My overall view of the book.
In my opinion this is a sensible and controlled rather than sensationalist look at what we have now and where we are probably going from an author who has certainly experienced it all first hand. Read and take note is my advice.
The most interesting material in this book is about the least developed economies, though that also highlights the one weakness - these markets are generally not easily accessable to foreign investment, so the book is more interesting background material than actionable advice.
However the analysis of the Chinese situation is not accurate and this is the only one I know a little about and wish to comment on. China's government is in the process of continuing reforms. New road and railway construction can continue as there are 160 cities with a population of one million and over. A comparison with Japan 20 years ago is flawed. Contrary to Japan which is shrinking (population -0.2%), China has still many steps to catch up and its population is still growing (+0.5%) without even taking account of the recent two child policy. There is still a huge under consuming class and in the next ten years another 200-250 million will move from the country to the cities. So, yes, China's growth will naturally slow down as it reaches a larger more mature economy but still growing at a considerable pace. Even 6% would be quite remarkable for an economy that has reached that size.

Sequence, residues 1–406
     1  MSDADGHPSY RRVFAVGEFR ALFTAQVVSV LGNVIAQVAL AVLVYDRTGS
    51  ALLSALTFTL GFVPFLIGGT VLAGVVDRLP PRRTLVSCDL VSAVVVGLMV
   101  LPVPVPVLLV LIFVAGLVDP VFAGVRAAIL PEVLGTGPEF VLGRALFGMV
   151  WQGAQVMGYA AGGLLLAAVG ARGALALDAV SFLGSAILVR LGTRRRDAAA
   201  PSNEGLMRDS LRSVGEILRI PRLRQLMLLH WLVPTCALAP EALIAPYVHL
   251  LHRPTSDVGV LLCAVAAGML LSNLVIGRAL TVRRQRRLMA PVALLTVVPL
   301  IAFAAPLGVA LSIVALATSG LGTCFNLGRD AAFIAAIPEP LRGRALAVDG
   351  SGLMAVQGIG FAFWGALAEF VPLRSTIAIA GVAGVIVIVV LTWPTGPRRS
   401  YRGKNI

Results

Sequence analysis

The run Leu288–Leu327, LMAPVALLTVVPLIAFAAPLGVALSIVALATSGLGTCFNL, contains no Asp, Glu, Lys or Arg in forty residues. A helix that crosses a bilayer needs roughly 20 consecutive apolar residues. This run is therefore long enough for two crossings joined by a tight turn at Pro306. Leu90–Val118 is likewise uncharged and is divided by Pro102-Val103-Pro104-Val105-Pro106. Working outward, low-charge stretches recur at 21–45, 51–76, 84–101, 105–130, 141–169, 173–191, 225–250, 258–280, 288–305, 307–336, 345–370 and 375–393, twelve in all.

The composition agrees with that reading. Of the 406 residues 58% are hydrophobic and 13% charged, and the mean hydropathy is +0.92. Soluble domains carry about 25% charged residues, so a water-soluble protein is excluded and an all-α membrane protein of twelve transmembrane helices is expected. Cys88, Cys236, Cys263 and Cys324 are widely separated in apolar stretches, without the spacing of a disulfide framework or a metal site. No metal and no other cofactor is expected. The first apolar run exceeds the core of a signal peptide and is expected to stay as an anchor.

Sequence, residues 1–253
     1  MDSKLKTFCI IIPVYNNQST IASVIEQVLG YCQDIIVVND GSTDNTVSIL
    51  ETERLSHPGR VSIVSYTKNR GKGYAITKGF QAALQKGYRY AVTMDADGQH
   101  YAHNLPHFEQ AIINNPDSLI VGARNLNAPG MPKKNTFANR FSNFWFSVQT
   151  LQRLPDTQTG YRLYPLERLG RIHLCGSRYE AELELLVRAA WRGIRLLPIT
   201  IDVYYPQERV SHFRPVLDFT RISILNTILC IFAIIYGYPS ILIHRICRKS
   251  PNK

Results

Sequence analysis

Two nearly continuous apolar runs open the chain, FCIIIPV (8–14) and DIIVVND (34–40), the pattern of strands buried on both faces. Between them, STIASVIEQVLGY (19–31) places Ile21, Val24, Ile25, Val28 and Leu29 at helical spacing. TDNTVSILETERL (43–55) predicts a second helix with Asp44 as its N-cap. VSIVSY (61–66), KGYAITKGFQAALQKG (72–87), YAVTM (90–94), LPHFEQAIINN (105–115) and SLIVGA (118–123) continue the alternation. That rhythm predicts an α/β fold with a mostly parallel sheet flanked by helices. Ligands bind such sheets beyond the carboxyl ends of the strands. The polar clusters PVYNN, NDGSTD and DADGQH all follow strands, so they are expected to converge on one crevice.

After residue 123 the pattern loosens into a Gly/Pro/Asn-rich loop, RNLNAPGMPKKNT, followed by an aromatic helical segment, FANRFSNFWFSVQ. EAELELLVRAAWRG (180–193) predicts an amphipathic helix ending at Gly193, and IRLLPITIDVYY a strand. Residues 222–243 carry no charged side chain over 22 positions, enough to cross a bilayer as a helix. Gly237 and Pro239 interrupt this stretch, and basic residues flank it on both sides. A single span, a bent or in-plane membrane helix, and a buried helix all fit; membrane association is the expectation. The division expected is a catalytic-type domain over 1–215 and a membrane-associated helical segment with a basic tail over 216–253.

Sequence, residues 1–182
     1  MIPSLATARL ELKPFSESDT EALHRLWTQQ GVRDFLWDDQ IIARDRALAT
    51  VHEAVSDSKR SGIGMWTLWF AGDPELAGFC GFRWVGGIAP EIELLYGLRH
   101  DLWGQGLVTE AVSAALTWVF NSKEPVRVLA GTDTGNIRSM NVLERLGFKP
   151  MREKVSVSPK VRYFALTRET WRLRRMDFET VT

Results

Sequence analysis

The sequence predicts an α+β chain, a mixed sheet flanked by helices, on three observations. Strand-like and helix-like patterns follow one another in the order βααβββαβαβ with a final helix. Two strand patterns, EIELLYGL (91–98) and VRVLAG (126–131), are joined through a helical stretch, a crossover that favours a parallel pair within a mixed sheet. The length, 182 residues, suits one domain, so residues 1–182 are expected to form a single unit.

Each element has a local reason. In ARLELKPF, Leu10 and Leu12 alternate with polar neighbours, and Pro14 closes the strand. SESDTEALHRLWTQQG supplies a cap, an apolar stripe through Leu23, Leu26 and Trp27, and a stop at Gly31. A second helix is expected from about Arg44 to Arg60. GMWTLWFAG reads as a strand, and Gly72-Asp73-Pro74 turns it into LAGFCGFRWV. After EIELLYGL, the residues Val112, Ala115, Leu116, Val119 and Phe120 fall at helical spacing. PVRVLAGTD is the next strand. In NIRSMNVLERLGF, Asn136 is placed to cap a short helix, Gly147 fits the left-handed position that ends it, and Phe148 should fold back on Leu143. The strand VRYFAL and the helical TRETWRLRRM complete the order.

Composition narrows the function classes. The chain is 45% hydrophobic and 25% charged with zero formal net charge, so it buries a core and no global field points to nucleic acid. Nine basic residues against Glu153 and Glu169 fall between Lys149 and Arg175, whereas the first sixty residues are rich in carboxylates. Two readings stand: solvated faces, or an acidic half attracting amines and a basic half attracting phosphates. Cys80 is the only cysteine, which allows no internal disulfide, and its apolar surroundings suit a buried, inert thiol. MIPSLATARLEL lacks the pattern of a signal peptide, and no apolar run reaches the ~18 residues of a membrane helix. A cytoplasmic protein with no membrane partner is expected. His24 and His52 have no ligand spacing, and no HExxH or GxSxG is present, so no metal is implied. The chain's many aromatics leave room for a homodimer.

AS for the rest there are too many obsolete analysis that makes it worthy of a journalistic publication but not of a book. China has abandoned the one child policy; Thailand reverted to a well expected military regime; Turkey is becoming an Islamist dictatorship under Erdogan not worthy of the author's indiscriminate praise (no full disclosure here on the author connection with that country) and India so called democracy is limited to elections with rape becoming an ugly habit condoned by too many politicians. All that was certainly not forecast-ed in this book but not even imagined as a possibility that would disrupt its optimistic or pessimistic options.
The use of this book to me is several fold. It paints the dynamics of emerging nations in three dimensions and makes the picture of what is going on more comprehensible than mere statistics. By sketching a broad backdrop rather than providing a detailed treatise Sharma accentuates that we are dealing with known unknowns - predictions are like trying to think a dozen chess moves ahead.
Most importantly he portrays the way in which different forces are likely to interact to define how the game will play out. The content is more about trends rather than predictions and more about the journey than which countries will actually 'break out' to be tomorrow's stars. That said, there are enough hints as to his view for a speculator to reflect on whether their current holdings could be better positioned.
To me this was another of those books that hits the right balance between being readable to the lay individual without being simplified to the point of being froth.